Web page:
Mr. B is gone.
And nobody really cares.
Mr. B was our Beta fish, which as far as I can tell is just a high-falutin' goldfish, but meaner. Mr. B wasn't mean, but that was because he lived alone in a glass bowl and didn't have anyone to be mean to. According to Jack's fish expert friend, Aidan, who helped us pick out Mr. B, if we'd put another Beta fish in with Mr. B, Mr. B would have gobbled him up.
I have no idea how Beta fish reproduce, given their proclivities for tearing each other to bits.
We bought Mr. B several years ago, and he made the move with us from our old house to Spencer Street. He lived in a bowl on the kitchen counter, where he was ignored by everyone but me. I fed him three pellets every other night, and kept track of his feedings on the magnetic erasable board on the fridge so I wouldn't forget.
Mr. B seemed genuinely fond of me. In fact, for a fish and one so roundly ignored, he seemed like quite a sociable little fellow. When I walked into the kitchen, he gave a couple of excited laps around his bowl. He knew I was there, and he was glad.
Despite his quiet ways and his friendly nature, Mr. B was a burden. Every time we went out of town for more than three days, we had to find a fish-sitter. Typically, this job went to our wonderful next-door-neighbor, Mr. Eddie. The Man and I made clear to Eddie that Mr. B came with a DNR order--Do Not Replace. That was our fear: That Mr. B would die in Mr. Eddie's care, and Mr. Eddie, in the tradition of tender-hearted fish-sitters everywhere, would run out and buy a new Mr. B, and then we'd have to find fish-sitters for three more years, and it would go on and on.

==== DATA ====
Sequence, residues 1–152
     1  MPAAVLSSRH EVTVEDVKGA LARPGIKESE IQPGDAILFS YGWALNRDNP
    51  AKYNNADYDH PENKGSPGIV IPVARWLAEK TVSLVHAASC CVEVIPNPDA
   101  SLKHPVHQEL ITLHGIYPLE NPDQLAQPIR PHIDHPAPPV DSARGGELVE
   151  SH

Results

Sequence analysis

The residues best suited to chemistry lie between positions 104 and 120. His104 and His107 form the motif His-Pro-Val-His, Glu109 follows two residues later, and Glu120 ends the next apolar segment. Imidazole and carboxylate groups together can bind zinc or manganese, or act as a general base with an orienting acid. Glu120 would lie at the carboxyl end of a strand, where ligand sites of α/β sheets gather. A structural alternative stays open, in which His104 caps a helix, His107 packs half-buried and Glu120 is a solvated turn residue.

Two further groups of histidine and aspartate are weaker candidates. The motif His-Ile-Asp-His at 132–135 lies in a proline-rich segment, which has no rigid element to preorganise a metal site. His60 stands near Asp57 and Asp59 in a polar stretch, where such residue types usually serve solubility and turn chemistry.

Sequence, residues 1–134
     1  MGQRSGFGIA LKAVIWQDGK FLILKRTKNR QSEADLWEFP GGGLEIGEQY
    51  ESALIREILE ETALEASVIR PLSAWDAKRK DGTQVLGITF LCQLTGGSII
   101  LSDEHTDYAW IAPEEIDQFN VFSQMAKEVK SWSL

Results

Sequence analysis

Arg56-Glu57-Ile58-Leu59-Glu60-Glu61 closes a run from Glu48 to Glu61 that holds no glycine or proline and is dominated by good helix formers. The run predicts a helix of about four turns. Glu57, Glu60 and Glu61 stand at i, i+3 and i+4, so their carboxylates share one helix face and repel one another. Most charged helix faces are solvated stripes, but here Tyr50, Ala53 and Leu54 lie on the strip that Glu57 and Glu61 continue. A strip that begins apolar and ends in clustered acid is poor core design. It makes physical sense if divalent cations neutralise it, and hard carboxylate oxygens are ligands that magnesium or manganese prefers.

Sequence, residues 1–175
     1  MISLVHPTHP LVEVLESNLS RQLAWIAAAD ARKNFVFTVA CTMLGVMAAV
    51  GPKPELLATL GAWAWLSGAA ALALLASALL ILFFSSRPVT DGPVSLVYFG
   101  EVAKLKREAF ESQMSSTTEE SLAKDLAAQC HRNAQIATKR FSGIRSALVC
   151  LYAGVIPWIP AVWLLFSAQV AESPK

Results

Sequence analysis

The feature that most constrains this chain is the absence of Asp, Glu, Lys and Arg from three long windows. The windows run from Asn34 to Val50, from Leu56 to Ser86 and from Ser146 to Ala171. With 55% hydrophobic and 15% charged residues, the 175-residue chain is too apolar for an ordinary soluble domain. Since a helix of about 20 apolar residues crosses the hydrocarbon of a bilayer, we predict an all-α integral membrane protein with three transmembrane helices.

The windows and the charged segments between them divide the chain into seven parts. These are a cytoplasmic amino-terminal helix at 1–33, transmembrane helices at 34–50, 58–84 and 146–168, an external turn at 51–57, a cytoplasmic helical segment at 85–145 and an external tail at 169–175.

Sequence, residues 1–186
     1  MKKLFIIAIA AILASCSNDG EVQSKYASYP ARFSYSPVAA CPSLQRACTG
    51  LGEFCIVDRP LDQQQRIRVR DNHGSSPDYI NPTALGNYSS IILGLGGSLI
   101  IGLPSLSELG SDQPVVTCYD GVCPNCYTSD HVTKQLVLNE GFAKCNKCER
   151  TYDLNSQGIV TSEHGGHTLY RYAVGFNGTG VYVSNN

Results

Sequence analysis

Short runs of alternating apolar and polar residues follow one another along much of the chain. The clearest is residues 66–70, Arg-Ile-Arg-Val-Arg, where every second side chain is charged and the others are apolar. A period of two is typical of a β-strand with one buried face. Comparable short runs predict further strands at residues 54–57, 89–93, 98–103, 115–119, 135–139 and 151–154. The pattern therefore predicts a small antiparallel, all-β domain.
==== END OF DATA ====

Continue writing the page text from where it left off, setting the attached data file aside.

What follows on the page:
Mr. B lived a long life for a Beta fish, and from what I could tell, a very boring one. I felt sad when I realized he was dying--he'd gotten pale and wasn't swimming around very much at all--even though I had no idea what in the world Mr. B had to live for.
And then, one morning, he was gone.
Well, not gone-gone. The Man had a traumatic experience with our last fish, Gilbert, who seemed to be dead as a doornail when the Man tossed his little fish body into the toilet, but started swimming around like Michael Phelps when he hit the water. So when Mr. B passed, he lay dead in his bowl for a full 24-hours, because this time the Man wasn't taking any chances.
Jack got a little teary-eyed when he heard Mr. B was no more, but he recovered in approximately 46 seconds. Will was totally nonchalant, like, huh, whaddya know?
I still haven't erased Mr. B's feeding schedule from the magnetic board on the fridge. Maybe it would make Mr. B's passing all too real if I did.
As surprised as I find myself to say it, I'll miss the little guy.
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